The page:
SAN DIEGO—This is cool.
“Our customers can ping their own meter. If they have an outage they can figure out if the outage is our problem or if it’s something inside their home and they may have to call their electrician,” said Anne Pramaggiore, CEO of ComEd, the investor-owned utility serving the Chicago area.
“It saves them the frustration of having to go through our system to figure out what’s going on, and it saves us truck rolls.”
That’s just one example of a utility taking a consumer-centric focus as the industry adjusts to rapidly changing times.
That “new energy future” was the focus of a panel at the closing session of the 2017 NRECA annual meeting moderated by Martin Lowery, NRECA’s executive vice president, member and association relations.
Panelists agreed that safe, reliable and affordable service is still vital—but so are new concerns.
“Our customers have now lived through the digital age. They’re use to customized service. We largely still provide a one-size-fits-all product,” Pramaggiore told the March 1 session at the San Diego Convention Center.
Mike Howard, CEO of the Electric Power Research Institute, encouraged cooperative leaders to “step outside your comfort zone and try new ideas, innovate, and work with your members to come up with new, valued solutions.”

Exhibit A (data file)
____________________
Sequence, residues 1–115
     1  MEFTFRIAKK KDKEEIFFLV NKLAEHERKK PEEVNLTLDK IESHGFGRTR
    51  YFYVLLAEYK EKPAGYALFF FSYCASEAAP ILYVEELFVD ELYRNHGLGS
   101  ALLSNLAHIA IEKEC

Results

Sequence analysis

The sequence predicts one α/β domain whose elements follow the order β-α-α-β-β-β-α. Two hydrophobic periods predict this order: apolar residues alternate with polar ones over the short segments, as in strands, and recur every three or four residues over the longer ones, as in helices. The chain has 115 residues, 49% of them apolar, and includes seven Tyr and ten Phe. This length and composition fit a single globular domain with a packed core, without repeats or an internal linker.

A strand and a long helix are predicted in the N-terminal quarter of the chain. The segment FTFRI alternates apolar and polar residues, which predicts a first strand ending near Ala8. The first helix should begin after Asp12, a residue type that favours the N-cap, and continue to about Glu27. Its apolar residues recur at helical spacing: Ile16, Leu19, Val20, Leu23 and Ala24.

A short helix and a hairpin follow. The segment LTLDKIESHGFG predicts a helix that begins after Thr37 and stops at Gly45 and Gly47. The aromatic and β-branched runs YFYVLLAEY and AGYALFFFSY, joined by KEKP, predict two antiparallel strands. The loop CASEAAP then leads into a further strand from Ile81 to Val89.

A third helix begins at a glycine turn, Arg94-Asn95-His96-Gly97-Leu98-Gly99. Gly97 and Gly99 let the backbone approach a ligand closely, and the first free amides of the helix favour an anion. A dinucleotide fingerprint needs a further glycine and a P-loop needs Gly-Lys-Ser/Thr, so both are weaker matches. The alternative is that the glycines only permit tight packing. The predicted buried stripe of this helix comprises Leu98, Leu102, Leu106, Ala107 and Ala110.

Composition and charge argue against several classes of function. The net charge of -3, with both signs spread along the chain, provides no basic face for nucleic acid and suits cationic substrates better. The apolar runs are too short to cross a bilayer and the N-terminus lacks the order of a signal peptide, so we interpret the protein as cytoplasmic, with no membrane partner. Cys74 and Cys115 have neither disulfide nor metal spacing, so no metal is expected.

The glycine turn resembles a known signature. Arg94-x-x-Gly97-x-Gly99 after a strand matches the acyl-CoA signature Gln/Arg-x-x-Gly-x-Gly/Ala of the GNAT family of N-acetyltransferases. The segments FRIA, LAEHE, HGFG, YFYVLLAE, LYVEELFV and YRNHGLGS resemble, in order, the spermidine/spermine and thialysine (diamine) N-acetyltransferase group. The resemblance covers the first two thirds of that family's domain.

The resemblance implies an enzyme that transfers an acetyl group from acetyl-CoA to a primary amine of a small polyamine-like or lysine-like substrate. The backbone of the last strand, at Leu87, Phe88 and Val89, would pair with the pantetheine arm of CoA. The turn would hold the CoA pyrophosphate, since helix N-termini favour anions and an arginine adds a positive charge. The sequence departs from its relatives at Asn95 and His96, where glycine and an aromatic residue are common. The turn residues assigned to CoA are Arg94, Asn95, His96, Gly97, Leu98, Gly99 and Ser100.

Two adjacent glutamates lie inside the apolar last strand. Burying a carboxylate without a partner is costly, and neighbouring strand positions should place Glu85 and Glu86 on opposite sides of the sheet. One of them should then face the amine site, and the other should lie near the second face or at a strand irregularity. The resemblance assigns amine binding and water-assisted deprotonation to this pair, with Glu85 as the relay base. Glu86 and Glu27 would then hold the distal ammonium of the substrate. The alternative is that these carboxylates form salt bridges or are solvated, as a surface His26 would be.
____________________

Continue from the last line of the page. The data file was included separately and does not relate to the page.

To those who might be skeptical, Howard offered these words of caution: “They’re going there with or without you. You want them to go there with you, and to that you’re going to have to lead.”
Electric co-ops are “already in a great position,” Howard said. “You’re a trusted supplier.”
Pramaggiore agreed, noting that cooperatives have a built-in advantage, being closer to their members than other industry players are to their customers.
Another area of concern among co-ops and other utilities is attracting the next generation workforce, but Howard and Pramaggiore said that doesn’t have to be the case—if you’ve adjusted your thinking for the changing times.
“There are people coming out of school now that see this industry as not the old industry of 20 and 30 years ago. It is becoming a cool factor. I’m hearing it every single day,” Howard said.
“There is a great opportunity to attract and retain the next generation of engineers, scientists, operations, back-office folks,” Howard added. “I’m bullish on what is ahead. I think it’s exciting.”
Michael W. Kahn is a staff writer at NRECA.